tube screamer freq resp B-taper.png

Notice how most of the lines are bunched together. If we change the TONE pot to W-taper, the lines spread out. Pretty obvious why most TS clones use a W-taper pot.
tube screamer freq resp W-taper.png

Now let's look at the HM-2 tone controls. There's a LOW control and a HIGH control. It's the same basic circuit as the generalized circuit at the top of this article, except there are two controls and the Z elements are made from gyrators. So what's a gyrator? It's a circuit that transforms one impedance into another. In this case, it turns a capacitor into an inductor. There are lots of ways to make gyrators; this is the simplest way. Some gyrator circuits use an emitter follower instead of a unity gain opamp. The Blues Driver is an example of that.
HM-2 tone controls.png

Without getting into the gory details, the circuit made up of R21, R25, C13 and IC2.2 simulates an inductor. The inductance is equal to L = R21 * R25 * C13. In this circuit, L = 2.24H. It's not a perfect inductor, it has a series resistance equal to R25 and a parallel resistance equal to R21. The gyrator and C16 form the Z element in the generalized circuit, with inductance L in series with R25 and C16. It's equivalent to one section of the 5-band equalizer at the top of this article. When we put an R, L & C in series, we get a network that has a resonant frequency Fr = 1 / (2*pi*sqrt(L*C)). In this case, the resonant frequency is 87Hz, which can make a peak or notch in the frequency response, centered at 87Hz. Here's what it looks like in simulation. The LOW pot is swept and the HIGH pot is at noon.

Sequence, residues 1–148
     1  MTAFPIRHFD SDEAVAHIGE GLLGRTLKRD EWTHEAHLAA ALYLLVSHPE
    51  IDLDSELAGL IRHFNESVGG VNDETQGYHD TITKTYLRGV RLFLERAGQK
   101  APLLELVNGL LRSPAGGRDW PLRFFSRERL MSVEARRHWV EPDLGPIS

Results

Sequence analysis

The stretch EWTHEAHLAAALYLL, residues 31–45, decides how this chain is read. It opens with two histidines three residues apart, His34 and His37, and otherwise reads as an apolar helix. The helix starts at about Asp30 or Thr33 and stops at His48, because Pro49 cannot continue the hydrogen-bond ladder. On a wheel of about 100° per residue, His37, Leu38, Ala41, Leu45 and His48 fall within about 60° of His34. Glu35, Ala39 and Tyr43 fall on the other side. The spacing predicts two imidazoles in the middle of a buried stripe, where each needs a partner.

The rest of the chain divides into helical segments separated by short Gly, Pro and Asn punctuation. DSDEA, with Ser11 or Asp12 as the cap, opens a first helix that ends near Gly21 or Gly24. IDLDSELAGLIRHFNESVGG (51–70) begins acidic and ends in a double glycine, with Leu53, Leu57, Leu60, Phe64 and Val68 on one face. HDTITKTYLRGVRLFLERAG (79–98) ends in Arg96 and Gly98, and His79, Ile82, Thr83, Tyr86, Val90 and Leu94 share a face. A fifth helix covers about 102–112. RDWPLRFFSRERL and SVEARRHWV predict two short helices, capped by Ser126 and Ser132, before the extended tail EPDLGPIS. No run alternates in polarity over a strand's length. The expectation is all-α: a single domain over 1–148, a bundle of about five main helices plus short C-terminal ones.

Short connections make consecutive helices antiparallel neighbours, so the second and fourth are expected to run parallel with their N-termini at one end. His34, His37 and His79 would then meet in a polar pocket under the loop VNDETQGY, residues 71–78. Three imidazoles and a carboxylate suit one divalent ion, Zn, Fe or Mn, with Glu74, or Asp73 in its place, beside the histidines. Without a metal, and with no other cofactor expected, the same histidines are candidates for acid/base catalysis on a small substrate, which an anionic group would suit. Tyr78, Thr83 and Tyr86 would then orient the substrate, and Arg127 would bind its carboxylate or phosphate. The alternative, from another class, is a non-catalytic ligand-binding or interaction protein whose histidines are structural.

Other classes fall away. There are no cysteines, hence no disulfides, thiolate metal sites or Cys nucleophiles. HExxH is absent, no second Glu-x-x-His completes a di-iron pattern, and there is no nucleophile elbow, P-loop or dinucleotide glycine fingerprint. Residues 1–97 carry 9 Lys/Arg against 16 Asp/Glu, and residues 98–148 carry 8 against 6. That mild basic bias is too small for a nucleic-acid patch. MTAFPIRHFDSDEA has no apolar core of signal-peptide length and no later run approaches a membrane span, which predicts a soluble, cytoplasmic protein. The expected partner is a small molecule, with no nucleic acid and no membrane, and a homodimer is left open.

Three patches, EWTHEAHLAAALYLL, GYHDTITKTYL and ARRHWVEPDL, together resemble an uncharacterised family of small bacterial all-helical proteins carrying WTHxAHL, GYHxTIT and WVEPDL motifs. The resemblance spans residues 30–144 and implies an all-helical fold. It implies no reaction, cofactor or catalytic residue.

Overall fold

HM-2 LOW resp.png

IC3 and the surrounding components form a pair of series-resonant networks connected to the HIGH control. The two networks are stagger-tuned (960Hz & 1.3KHz) to provide a wide peak in the treble range. Here's the High control sweep with LOW at noon.
HM-2 HIGH resp.png

Clearly, the HM-2 would benefit from W-taper pots. Alternatively, the pots could be lower resistance (B1K). All of the HM-2's gyrators are easily retuned to change the center freq and Q.

One more gyrator example: Blues Driver BD-2. The BD-2 uses a gyrator in the feedback loop of the last stage to create a bass hump around 120Hz. That gyrator is realized using an emitter follower. It works exactly the same as an opamp-based gyrator.